Margaret also has to deal with the difficult reality of being a lesbian in a world that doesn’t really acknowledge their existence. I mean – we have trouble with this today, and over 100 years ago, the situation was much worse. Her first love, Helen, rejected her for the more traditional route of marriage to man – Margaret’s own brother. Now, Margaret is bereft, between the loss of her beloved father and her lover, leaving a massive gap that a girl like Selina could much more easily enter. After all Margaret’s been through, she’s longing for that love, that acceptance.
The story also alternates with Selina’s life before the prison, so we can learn a little bit about how she got there in the first place. Together with Margaret’s story, these two halves combine to make the final twist come to life as we understand it. That twist is something I sort of anticipated, given I’d been warned by Ana that the book was sad, but I didn’t understand what was going to happen until, finally, it did. It is incredibly effective and well done, regardless. I loved the way the book came together with everything making perfect sense – I don’t mind open endings, but there is something satisfying about a book that tells you where you stand.
Well-constructed, with excellent characters and spectacular atmosphere, this is a book that is well worth your time.
Arthur and George are born in Great Britain in the mid-19th century, but their lives couldn’t be any more different. Arthur grows up in Edinburgh, in a shabby but intellectual and loving family, becoming an eye doctor and then a world-famous author. George grows up in rural Shropshire, tortured by farmboys due to his dark Indian skin, but nevertheless persevering to become a published solicitor in Birmingham. George is one of many; Arthur is one in a million. But when George’s life begins to unravel completely, it is Arthur who must come to his rescue, in this deep exploration of race, prejudice, circumstance, and deeply-held beliefs.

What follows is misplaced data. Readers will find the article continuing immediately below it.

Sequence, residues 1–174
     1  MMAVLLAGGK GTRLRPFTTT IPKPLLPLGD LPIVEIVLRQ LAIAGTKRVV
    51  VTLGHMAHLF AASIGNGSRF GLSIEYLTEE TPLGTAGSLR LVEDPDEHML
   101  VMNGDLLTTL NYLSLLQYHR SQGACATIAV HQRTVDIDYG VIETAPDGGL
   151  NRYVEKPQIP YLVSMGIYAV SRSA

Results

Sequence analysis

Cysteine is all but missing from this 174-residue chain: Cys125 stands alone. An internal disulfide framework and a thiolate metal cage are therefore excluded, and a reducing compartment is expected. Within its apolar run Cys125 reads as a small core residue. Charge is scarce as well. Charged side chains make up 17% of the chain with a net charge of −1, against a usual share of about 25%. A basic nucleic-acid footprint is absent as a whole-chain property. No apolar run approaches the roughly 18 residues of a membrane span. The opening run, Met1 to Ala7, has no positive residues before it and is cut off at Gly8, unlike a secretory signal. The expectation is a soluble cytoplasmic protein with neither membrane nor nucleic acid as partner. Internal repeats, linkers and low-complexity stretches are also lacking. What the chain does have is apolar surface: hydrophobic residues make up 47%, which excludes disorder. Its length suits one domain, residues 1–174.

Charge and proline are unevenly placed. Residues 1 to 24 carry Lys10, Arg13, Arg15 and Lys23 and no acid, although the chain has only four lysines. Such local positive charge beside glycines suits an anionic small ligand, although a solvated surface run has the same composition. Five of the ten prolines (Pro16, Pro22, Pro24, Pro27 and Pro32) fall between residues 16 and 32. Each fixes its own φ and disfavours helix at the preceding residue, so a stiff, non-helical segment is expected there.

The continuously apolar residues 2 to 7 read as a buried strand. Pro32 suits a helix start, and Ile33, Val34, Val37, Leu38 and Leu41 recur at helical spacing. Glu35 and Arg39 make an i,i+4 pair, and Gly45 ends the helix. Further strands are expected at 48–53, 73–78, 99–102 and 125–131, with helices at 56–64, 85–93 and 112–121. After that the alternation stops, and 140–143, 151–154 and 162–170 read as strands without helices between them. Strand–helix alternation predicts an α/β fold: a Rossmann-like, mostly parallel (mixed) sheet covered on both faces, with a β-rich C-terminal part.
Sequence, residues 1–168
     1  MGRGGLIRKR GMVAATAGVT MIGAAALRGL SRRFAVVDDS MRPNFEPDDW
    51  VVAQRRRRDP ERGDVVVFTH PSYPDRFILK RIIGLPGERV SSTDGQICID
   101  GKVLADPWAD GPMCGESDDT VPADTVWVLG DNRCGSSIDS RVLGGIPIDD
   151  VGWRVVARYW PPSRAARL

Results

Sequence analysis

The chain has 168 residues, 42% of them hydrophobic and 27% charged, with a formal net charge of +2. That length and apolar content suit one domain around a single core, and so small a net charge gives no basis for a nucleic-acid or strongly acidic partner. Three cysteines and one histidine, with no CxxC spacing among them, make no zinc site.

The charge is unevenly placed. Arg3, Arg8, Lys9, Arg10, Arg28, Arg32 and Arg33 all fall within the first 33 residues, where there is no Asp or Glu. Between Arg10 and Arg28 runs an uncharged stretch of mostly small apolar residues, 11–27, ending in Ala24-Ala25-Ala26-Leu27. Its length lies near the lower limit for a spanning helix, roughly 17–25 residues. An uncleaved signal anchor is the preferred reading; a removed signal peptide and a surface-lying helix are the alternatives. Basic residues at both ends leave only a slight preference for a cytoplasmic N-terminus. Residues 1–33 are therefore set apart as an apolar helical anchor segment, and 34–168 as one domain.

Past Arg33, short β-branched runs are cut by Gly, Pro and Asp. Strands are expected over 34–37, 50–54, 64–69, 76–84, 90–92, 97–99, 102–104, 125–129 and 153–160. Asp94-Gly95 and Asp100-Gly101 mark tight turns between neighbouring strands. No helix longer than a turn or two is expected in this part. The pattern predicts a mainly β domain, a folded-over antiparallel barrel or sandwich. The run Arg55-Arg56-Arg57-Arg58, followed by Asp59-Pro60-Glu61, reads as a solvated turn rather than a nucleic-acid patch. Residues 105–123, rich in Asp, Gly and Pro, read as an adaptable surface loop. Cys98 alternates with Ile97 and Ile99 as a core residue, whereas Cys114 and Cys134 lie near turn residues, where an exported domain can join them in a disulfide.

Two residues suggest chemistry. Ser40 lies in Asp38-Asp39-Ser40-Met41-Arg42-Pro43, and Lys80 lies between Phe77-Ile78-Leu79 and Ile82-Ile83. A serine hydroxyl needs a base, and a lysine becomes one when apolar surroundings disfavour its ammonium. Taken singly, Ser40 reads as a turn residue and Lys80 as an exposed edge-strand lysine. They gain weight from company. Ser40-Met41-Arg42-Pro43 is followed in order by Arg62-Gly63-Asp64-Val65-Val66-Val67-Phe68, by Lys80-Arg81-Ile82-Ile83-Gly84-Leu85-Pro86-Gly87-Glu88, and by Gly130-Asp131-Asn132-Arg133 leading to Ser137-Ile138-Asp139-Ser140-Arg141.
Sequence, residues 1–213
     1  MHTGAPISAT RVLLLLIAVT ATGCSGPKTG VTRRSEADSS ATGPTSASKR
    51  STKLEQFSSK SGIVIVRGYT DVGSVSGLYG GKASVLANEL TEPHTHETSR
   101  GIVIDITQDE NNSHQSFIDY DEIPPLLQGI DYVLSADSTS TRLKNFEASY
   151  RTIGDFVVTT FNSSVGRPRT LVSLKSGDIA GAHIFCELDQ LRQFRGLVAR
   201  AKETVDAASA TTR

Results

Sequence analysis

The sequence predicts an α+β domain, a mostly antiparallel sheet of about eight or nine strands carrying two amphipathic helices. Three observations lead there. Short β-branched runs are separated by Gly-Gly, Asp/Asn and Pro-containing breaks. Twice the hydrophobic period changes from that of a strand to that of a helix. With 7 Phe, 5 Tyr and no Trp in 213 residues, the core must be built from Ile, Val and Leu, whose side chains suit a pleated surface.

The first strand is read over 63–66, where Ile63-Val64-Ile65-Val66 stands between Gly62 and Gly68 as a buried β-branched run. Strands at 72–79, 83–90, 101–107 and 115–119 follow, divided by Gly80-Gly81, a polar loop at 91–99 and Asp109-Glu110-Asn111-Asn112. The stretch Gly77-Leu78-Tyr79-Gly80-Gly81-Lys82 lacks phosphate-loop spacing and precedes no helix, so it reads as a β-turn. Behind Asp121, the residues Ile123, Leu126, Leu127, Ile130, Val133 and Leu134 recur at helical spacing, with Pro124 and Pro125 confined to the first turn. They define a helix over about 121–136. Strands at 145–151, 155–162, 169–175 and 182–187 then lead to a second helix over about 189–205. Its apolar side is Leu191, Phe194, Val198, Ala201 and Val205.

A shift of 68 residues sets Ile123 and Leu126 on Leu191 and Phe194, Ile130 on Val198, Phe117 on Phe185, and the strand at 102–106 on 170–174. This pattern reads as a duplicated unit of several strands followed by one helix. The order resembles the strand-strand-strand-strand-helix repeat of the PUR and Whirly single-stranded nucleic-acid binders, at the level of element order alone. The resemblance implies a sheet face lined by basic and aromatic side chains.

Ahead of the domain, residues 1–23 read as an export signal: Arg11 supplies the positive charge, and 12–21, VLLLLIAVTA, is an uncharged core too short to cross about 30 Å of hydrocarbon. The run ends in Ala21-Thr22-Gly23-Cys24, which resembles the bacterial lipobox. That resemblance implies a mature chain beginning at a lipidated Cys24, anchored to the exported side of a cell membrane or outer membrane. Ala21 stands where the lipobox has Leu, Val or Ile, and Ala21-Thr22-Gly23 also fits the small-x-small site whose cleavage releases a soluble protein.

Julian Barnes recently won the Booker Prize for The Sense of an Ending, which I immediately wanted to read, but since I had Arthur and George on my shelf, I decided it had to come first. To be honest with you, that was a brilliant decision, because I loved this book. It made me think on so many levels, while at the same time providing a cleverly told story set in a fascinating part of history.
The short description I wrote about probably makes it obvious that the Arthur is question is Sir Arthur Conan Doyle, ridiculously famous for creating Sherlock Holmes, a figure who resonates with us still so strongly that he’s having films and revival novels made about him. He’s less famous for his efforts to reform the law and grant justice to the wrongly accused. One of those cases was that of George Edalji, who is naturally the George in this book. Wrongly convicted of a series of horse murders and threatening letters, even though the letters threatened his own family and the mutilations continued when he couldn’t have committed them, George winds up in prison, and sends a letter to the author of the famous detective stories for help. Luckily for us – and Julian Barnes – Arthur came to help.
Knowing that this was a true story gave it particular resonance for me. The letters quoted within are real letters, including the threatening ones sent to George’s family. What was recorded has been included. Barnes has instead stepped into the minds of the characters and explored what these people might have been thinking and feeling.
In particular, this is a deep exploration of the injustice that was once inherent in the criminal system, but which invites us to work out our own prejudices in the process. We may not condemn George for his half-Indian heritage now, as these Englishmen did, but who do we accuse in his place? I’ll let you read the book to consider this for yourself, as Arthur must when he studies the suspects, but it’s the sort of book to place a reader just slightly on edge, fervently aware of how much and how little has changed.
It’s also an incredibly fascinating case study of two completely different men, who might have grown up in two different worlds, but for the cozy feel of England that seems to steep the book in tradition while carefully probing at these stereotypes that we’re still working to smash. I was kept reading, eager to learn more, and I found both halves of the narrative equally consuming, even before the central characters finally meet. It’s completely engrossing, beautifully written, and convincingly fleshed out. Very highly recommended – thank you, Julian Barnes, for getting my 2012 reading year off to a fantastic start.
All external book links are affiliate links. I purchased this book.